Current Reviews

subheader

Green Lantern #21

Posted: Friday, July 20, 2007
By: Bryant Frattalone



Writer: Geoff Johns
Artist: Ivan Reis

Publisher: DC Comics


Plot: The Drums of The Sinestro Corps War continue to beat across the Universe while Ganthet and Sayd preach to their brethren regarding the Prophecy of The Blackest Night. Sinestro’s frontline troops continue to massacre Green Lanterns across the galaxies while he and his heavy hitters loom ominously in the background and Parallax forces a confrontation with Hal Jordan.

Commentary: I’ve never been a faithful Green Lantern follower. I knew of him because of The Justice League and caught a few of the “event” comics regarding Hal Jordan over the years just to keep up with a major character in the DC cannon. After the "eh" use of the cosmic characters of the DC universe (Not to mention the same "eh" use of the supernatural ones too) after Infinite Crisis, Geoff Johns has picked up the pieces and made this an exhilarating must read for me. As others have said before me, “This should have been the next BIG EVENT crossover for DC” Why? Because though it’s self-contained within the pages of the Green Lantern books, it has that feel. It has weight. It feels dangerous and hopeless. You can feel the ominous portents come off the page as you read and view the events unfolding. Every time I see Sinestro’s Core in action or standing and thumping their chests as Sinestro proclaims his righteousness with the madness of a dark prophet I can’t help but think of The Lord of the Rings Trilogy and all those scenes with the Orc’s preparing for battle and then tearing into their prey. Johns has taken the mythology of The Green Lanterns’ and the Core and brought it into the 21st century, creating along the way an epic space opera. It borrows from the best of these types of stories and makes it something startling all on its own. This beats the heck out of Amazons Attack and "The Last Son" storylines DC currently has running. Those stories too should be what this is.

John’s development and progress of this story reminds me of Walt Simonson’s run on Thor oh so many years ago. Simonson took an underdeveloped comics mythology and mined it to create a modern day epic poem. Though not as poetic as that classic comics run, Johns is giving us stirring action and an Axis of Evil that we can really believe will pose an impossible threat to our stalwart Lanterns. In the context of the story there is real fear here. All the more pleasantly surprising because Johns is actually making me take seriously villains who during their initial appearances and runs didn’t do much for me at all. Parallax (his ultimate reveal almost seemed like too much of a contrivance for me, letting Jordan off the hook for his actions somewhat so he could return as a major hero to the DC universe), Superboy Prime (I just wasn’t a big fan of the "hero returns and becomes what he hates most" riff for him in Infinite Crisis), The Anti-Monitor (Goofy looking in his inception and so old do we really even remember much about him?) and finally Sinestro himself (always B-list to me). Johns has taken this cabal and made it into an A-list cosmic baddy force to be reckoned with. Sinestro seems all the more threatening because he believes that he’s right. He’s not just a self-centered, amoral criminal who does things just because he has no regard for others and is desperate. He believes his cause is just. It’s hard to reason, argue or fight that internal power source and drive.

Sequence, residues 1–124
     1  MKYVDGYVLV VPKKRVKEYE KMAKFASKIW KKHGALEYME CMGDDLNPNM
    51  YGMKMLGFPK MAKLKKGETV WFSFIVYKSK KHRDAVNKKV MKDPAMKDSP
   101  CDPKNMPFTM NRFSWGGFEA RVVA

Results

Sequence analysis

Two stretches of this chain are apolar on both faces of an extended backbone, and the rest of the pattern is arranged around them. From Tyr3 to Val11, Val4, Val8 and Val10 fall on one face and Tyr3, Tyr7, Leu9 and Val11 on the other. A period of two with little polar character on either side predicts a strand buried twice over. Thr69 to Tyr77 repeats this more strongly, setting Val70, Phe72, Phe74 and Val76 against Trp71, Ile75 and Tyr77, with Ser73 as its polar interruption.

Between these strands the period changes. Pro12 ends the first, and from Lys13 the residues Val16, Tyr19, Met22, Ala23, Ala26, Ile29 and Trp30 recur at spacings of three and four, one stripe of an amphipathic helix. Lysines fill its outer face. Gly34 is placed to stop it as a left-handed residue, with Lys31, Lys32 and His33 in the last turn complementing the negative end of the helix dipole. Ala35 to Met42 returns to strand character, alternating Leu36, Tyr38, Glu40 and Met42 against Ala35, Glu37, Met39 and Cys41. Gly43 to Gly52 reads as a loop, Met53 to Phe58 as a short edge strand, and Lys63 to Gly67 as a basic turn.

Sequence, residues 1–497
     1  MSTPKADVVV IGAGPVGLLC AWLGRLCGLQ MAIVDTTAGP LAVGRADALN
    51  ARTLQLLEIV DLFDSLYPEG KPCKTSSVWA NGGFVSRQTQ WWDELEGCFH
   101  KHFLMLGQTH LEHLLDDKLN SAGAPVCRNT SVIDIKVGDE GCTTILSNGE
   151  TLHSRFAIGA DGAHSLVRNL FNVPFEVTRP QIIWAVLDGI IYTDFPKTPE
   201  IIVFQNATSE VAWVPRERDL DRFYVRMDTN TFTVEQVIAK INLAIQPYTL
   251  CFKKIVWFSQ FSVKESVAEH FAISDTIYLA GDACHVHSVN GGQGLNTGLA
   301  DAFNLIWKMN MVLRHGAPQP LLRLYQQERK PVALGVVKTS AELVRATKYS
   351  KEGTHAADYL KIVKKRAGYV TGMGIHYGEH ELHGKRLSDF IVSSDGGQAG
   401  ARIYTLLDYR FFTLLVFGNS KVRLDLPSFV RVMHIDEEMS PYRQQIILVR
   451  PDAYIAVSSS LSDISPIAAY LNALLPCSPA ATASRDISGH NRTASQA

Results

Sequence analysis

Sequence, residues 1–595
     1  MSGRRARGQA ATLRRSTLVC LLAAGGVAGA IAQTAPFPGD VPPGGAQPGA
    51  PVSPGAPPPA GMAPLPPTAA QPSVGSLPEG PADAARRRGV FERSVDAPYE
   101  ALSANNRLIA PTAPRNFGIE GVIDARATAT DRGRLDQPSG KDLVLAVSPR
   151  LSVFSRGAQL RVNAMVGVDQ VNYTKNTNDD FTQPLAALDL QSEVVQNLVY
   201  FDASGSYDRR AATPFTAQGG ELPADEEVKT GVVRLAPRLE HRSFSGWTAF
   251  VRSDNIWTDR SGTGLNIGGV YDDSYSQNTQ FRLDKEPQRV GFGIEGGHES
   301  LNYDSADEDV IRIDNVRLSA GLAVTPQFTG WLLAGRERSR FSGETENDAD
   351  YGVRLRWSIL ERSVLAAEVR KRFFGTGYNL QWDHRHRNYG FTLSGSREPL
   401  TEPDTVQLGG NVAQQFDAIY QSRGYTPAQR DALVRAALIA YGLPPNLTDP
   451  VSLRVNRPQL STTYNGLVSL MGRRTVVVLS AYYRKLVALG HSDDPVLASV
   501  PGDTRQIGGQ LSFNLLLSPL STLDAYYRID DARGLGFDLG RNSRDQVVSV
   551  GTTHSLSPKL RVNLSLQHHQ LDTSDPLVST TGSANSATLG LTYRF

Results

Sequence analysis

The art is sleek and well realized like laser beams cutting across the pages. You can tell this writing and art team have their act and communication together and are running on all cylinders. Some specific highlights in the story and art for me were:
  • The battered lanterns on OA. Check out John Stewart’s bruised noggin’. If you can get through a Lantern’s force field and leave a mark, Watch out!

  • The use of the Manhunters as mobile power batteries for the Sinestro Corps.

  • The Cyborg Superman wearing Sinestro’s colors instead of Supes.

  • The sardonic evil of Parallax’s smile.

  • Lastly, Moose Brumann’s coloring is hot, adding the necessary “special effects” to the epic action scenes and sets.
Final Word: Geoff Johns is making good use of a well loved comics mythology while incorporating a cast of heavy hitting bad guys to devastating effect. These are just the opening salvos. Let’s hope Johns and Reis can keep the drumbeats going. Doom, Doom, Doom…



What did you think of this book?
Have your say at the Line of Fire Forum!